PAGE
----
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Extracts from Government
Regulations on Meaningful Use
Barry Smith
November 12, 2012
Stage 1: ~2011 Stage 2: ~2013 Stage 3: TBD
1. Capturing health
information in a
coded format
2. Using the information
to t...
3
Stage 2 standards (130 pages)
https://www.federalregister.gov/articles/2012/09/04/2012-20982/health-information-technolo
4
3. Scope of a Certification Criterion for Certification
In the Proposed Rule, based on our proposal to codify all the 20...
5
3. Scope of a Certification Criterion for Certification
In the Proposed Rule, based on our proposal to codify allIn the ...
6
3. Scope of a Certification Criterion for Certification
In the Proposed Rule, based on our proposal to codify allIn the ...
Pressure on hospitals to receive
meaningful use payments will cost lives
Sam Bierstock, MD: There is “enormous pressure by...
Health IT and Patient Safety:
Building Safer Systems for Better Care
Institute of Medicine, November 10, 2011
Recommendati...
Prochain SlideShare
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Meaningful Use

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Extracts from Government Regulations on meaningful use, with some commentary

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Meaningful Use

  1. 1. Extracts from Government Regulations on Meaningful Use Barry Smith November 12, 2012
  2. 2. Stage 1: ~2011 Stage 2: ~2013 Stage 3: TBD 1. Capturing health information in a coded format 2. Using the information to track key clinical conditions 3. Communicating captured information for care coordination purposes 4. Reporting of clinical quality measures and public health information 1. Disease management, clinical decision support 2. Medication management 3. Support for patient access to their health information 4. Transitions in care 5. Quality measurement 6. Research 7. Bi-directional communication with public health agencies 1. Achieving improvements in quality, safety and efficiency 2. Focusing on decision support for national high priority conditions 3. Patient access to self- management tools 4. Access to comprehensive patient data 5. Improving population health outcomes Capture information Report information Leverage information to Staged Approach to Meaningful Use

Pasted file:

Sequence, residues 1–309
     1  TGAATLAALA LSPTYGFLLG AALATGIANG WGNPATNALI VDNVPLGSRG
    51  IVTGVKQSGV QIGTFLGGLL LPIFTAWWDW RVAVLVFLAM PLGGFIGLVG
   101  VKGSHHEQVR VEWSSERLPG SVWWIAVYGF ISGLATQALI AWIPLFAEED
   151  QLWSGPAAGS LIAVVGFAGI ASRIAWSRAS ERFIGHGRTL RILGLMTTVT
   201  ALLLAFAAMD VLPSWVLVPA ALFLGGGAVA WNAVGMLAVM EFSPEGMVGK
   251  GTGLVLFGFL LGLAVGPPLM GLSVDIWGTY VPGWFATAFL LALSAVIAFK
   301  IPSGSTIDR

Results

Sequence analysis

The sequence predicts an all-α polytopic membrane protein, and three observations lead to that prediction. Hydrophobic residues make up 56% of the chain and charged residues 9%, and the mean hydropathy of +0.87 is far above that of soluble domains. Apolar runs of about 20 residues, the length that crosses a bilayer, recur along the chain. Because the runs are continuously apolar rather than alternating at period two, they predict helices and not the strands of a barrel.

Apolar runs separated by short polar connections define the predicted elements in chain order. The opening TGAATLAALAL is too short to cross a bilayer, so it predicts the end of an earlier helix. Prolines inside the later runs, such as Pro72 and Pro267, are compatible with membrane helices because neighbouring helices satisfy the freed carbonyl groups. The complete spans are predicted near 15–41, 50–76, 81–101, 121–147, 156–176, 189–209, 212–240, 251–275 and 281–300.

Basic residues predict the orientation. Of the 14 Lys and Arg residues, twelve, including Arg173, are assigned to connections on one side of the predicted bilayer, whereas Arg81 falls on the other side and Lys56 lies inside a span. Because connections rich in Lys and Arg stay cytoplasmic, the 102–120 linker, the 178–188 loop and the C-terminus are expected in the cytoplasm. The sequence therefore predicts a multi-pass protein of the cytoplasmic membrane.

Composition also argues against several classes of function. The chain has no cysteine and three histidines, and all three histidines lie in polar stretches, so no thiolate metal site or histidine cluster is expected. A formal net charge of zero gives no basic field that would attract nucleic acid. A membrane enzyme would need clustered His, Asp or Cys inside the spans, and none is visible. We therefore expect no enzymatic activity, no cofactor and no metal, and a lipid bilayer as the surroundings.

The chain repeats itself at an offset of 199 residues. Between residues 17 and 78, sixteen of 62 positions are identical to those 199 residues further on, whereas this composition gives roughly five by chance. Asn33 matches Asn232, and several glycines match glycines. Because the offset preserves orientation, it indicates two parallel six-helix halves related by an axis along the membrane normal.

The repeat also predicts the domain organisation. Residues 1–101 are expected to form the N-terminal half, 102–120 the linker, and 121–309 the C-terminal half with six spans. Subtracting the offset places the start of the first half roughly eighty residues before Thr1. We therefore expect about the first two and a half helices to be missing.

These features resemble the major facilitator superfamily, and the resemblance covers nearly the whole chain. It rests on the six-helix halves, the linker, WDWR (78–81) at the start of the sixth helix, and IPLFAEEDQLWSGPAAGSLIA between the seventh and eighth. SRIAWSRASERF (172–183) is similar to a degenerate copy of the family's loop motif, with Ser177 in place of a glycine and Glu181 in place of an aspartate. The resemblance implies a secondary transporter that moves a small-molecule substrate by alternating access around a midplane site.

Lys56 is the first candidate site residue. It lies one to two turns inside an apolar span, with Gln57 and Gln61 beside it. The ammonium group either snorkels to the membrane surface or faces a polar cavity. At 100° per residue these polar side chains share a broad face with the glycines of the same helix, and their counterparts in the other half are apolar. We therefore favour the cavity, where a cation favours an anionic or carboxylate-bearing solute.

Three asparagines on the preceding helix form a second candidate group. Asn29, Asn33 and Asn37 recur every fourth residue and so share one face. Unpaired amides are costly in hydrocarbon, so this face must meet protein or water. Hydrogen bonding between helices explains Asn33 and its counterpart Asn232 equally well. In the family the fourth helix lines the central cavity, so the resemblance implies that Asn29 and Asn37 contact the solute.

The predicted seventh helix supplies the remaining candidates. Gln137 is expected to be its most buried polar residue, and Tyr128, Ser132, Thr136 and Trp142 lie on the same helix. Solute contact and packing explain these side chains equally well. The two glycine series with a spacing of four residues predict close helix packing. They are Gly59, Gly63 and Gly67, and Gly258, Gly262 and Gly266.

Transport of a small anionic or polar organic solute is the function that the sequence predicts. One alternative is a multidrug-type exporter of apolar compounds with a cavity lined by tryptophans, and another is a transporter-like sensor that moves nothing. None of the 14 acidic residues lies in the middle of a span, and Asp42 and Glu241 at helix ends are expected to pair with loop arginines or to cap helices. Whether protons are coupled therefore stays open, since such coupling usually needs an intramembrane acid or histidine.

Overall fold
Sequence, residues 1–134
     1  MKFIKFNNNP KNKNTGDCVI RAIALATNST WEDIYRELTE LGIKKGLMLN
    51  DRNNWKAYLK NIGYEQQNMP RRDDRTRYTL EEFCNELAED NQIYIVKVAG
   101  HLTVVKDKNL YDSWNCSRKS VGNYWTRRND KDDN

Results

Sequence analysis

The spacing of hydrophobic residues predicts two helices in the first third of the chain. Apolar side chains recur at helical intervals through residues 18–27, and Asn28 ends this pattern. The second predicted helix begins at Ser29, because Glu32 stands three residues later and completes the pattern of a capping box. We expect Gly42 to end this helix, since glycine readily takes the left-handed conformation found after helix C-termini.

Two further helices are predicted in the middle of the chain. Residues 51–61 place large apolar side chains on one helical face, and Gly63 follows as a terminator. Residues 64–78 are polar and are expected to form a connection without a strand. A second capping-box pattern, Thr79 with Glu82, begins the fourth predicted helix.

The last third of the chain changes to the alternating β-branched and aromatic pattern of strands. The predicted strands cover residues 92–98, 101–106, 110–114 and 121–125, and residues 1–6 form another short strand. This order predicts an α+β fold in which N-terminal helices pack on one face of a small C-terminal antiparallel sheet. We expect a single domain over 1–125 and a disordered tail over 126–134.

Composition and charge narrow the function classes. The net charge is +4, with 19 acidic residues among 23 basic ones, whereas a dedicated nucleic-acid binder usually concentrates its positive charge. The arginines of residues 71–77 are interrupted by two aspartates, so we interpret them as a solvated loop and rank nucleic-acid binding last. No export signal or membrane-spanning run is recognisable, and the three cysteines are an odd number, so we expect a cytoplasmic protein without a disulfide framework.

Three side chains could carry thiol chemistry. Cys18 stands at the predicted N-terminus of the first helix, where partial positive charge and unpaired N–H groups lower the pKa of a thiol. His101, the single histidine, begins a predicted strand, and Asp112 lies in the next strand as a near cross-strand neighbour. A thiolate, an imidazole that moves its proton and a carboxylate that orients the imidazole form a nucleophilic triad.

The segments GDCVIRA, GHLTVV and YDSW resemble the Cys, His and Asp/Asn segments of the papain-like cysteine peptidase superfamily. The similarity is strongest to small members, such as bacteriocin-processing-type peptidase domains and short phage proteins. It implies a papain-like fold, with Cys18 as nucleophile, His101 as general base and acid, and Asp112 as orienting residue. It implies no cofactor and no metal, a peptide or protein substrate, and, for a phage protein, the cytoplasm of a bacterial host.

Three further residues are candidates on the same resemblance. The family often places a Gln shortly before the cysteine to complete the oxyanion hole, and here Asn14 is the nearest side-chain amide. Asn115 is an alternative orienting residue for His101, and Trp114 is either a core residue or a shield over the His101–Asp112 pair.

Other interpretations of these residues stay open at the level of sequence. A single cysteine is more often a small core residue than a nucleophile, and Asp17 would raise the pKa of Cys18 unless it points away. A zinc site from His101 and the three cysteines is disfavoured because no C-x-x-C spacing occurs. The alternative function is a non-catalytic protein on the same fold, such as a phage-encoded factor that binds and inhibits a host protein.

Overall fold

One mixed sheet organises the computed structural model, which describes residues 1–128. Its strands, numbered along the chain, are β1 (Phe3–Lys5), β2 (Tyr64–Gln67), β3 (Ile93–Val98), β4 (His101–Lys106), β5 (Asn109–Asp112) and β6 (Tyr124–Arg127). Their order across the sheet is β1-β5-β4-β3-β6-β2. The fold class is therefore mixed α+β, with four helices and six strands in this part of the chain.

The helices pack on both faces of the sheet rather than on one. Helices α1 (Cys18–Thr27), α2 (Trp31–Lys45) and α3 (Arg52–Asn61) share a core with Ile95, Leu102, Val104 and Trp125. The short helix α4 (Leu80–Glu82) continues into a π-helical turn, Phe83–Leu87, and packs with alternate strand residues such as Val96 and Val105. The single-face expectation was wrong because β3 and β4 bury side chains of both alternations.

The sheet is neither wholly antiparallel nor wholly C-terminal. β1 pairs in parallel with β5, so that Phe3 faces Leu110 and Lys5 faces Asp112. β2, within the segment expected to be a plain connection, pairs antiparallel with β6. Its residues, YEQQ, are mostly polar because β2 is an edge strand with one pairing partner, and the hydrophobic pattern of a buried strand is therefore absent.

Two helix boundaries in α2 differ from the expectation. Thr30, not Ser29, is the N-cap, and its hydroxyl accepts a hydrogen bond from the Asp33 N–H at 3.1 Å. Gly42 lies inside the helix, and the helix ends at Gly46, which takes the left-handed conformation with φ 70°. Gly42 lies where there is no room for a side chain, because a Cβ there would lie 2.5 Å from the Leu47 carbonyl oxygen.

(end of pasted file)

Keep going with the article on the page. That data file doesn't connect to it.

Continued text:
3. 3. 3 Stage 2 standards (130 pages) https://www.federalregister.gov/articles/2012/09/04/2012-20982/health-information-technolo
  4. 4. 4 3. Scope of a Certification Criterion for Certification In the Proposed Rule, based on our proposal to codify all the 2014 Edition EHR certification criteria in § 170.314, we clarified that certification to the certification criteria at § 170.314 would occur at the second paragraph level of the regulatory section. We noted that the first paragraph level in § 170.314 organizes the certification criteria into categories. These categories include: clinical (§ 170.314(a)); care coordination (§ 170.314(b)); clinical quality measures (§ 170.314(c)); privacy and security (§ 170.314(d)); patient engagement (§ 170.314(e)); public health (§ 170.314(f)); and utilization (§ 170.314(g)). Thus, we stated that a certification criterion in § 170.314 is at the second paragraph level and would encompass all of the specific capabilities in the paragraph levels below with, as noted in our discussion of “applicability,” an indication if the certification criterion or the specific capabilities within the criterion only apply to one setting (ambulatory or inpatient). Example paragraph from the Stage 2 Final Rule